Sinclair, Upton: writer (Pulitzer Prize winner), politician (Socialist), philanthropist.

The Jungle – 1906

The making of America with blood, guts and cruelty – is one of the thoughts that come to mind when the shock of this novel is contemplated. The book relentlessly depicts the truly ghastly side of human nature, and the setting is America. Poignantly, it is related through the experiences of a Russian immigrant, a young man strong and willing. The opening is a marriage, one of the most hopeful rites of passage young people can undertake. From then on the horror of the stock yards and slaughter houses in Chicago, are told and the unfolding tragedy is as terrible for man, as it is for beast.  Sinclair is so desperate to impart his despair that he appeals directly to his readers. He worries that no poet has ever written movingly about poverty that leads to homelessness, starvation, and disease and inevitable death.  Who, enjoying good literature, would read it? Another question possibly to ponder is: who of the wealthy would believe it? Aren’t the poor responsible for their poverty?

Sinclair’s hero, the male of the species, is so overwhelmed by his experiences that he runs away from his remaining family. It is the females that are left to survive and the only way they can is by adopting the oldest profession of them all.  This is beyond terrible, as here are the stories of human trafficking and doping of young horrified victims with morphine. There is no escape from the brothel. The human sacrifice is so that the children can eat.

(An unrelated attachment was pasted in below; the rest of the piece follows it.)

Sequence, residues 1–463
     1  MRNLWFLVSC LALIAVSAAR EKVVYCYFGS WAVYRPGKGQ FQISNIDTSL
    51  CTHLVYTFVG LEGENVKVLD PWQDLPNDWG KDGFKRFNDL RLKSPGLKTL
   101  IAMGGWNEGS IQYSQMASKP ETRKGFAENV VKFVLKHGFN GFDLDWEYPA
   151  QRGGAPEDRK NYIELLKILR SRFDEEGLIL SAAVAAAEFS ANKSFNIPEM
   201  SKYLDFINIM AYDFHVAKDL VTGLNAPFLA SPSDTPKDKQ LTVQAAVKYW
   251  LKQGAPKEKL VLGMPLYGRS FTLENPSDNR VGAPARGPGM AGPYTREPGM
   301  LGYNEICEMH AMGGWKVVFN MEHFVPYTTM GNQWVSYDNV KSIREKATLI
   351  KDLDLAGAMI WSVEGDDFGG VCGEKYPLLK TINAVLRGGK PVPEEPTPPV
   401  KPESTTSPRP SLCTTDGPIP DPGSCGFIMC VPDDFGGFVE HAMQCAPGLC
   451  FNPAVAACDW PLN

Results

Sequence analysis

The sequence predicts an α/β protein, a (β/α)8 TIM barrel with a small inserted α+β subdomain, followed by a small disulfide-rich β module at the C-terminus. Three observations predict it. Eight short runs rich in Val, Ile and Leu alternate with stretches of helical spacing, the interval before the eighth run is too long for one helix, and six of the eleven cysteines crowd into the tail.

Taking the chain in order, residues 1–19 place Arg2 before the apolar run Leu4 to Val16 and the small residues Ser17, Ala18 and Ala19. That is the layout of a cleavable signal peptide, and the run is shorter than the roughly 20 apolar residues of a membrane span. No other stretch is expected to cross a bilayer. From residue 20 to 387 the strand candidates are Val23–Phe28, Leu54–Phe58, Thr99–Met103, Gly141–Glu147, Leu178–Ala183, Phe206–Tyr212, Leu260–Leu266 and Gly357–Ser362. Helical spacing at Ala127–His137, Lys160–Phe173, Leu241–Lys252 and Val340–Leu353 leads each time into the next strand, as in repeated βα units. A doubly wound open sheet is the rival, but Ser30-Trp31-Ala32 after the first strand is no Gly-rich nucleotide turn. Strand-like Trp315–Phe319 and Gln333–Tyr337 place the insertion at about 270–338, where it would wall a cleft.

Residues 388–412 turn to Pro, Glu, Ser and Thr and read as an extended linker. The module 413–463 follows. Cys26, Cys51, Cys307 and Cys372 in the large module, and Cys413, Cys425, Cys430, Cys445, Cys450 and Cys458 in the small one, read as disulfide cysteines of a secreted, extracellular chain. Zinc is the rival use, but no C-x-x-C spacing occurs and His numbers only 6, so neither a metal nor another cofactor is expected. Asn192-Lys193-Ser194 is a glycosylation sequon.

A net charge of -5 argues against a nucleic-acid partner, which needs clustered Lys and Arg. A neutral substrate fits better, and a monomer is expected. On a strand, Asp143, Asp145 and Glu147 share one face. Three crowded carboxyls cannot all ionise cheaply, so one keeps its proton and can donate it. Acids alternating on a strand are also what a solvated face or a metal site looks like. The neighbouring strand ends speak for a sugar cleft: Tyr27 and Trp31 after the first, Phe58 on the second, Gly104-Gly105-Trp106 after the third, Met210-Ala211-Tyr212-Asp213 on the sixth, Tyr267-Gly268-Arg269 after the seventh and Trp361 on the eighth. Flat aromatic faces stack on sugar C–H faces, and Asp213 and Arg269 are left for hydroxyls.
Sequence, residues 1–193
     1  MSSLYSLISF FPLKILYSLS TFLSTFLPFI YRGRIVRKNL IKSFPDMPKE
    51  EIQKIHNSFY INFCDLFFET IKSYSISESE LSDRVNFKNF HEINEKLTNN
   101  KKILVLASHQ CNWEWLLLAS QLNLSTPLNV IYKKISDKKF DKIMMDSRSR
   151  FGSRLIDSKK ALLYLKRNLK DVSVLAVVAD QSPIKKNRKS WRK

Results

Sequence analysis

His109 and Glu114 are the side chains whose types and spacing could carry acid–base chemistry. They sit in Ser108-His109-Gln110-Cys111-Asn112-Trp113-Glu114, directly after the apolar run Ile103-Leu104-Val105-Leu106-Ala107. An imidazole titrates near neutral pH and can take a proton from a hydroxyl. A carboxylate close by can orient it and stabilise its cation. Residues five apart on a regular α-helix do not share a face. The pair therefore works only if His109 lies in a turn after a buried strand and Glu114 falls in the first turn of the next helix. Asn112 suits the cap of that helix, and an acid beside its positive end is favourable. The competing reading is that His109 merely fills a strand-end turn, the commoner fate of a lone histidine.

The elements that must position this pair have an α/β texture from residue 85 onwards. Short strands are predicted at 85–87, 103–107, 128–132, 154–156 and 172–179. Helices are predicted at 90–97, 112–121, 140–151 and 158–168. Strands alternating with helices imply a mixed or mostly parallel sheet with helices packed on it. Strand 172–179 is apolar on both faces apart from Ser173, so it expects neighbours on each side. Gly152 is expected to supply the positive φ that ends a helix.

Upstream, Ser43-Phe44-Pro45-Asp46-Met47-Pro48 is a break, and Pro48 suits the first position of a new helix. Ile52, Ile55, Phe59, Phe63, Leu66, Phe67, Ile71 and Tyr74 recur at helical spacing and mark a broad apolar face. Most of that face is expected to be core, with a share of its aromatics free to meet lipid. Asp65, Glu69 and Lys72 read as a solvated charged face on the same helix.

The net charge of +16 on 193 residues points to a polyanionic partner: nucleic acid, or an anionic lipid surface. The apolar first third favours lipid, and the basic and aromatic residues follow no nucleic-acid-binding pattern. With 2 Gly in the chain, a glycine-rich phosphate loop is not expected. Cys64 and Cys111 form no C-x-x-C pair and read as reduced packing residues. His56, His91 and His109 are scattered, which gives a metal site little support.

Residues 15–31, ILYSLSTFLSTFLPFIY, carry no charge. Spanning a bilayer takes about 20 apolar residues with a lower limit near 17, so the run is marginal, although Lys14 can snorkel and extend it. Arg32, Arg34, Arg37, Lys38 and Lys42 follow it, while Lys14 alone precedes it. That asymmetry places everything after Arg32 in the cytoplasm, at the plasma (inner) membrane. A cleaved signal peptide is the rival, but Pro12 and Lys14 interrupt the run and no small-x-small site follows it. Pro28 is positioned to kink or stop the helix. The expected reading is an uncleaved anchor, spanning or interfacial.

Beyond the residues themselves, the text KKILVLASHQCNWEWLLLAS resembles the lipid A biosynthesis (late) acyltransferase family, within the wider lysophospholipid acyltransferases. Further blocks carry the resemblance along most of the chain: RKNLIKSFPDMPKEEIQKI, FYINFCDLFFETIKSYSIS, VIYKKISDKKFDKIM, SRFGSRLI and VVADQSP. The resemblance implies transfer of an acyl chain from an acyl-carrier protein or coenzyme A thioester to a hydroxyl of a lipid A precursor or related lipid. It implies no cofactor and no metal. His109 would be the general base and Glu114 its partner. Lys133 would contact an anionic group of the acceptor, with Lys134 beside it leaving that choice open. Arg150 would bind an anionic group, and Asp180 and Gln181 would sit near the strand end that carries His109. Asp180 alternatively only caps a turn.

While the human tragedy is perturbing enough, Sinclair perhaps writes his most lyrical passages about the murder of pigs. He muses that there must be a God of pigs who would welcome them to heaven and thank them for their sacrifice. * All of the pig is used and it is only the squeal that is not, is the jest at the slaughter house.  The dying cattle are treated with equal sympathy; they form a river of death. This reviewer’s fantasy of the great American cattle drives of the last century was finally laid to rest. The romance of the cowboys bit the dust years ago.

Surprisingly, Sinclair writes so well and constructs a story line that it is so gripping, interesting, and informed, that the novel is hard to put down.  As sad as it is, the tale is peppered with researched facts and figures, so that one does not get swept away by the emotion of it all. It is a novel written by a man for men (they were the legislators at the time of writing).

A concluding thought for what it is worth:  this novel describes an America that would allow the sale of guns at super markets.

*Rupert Brook (1887 – 1915) poem : Heaven.

Time line:

1659 – First recorded immigration of Lithuanians to America

1877 – Black Beauty published (changes laws for cab drivers and working horses)

1906 – Pure Food Act and Meat Inspection Act passed in America – 6 months after the publication   of this novel

1917 – Russian Revolution

1920 – Women get the vote in America

1929 – 1939 – Great Depression

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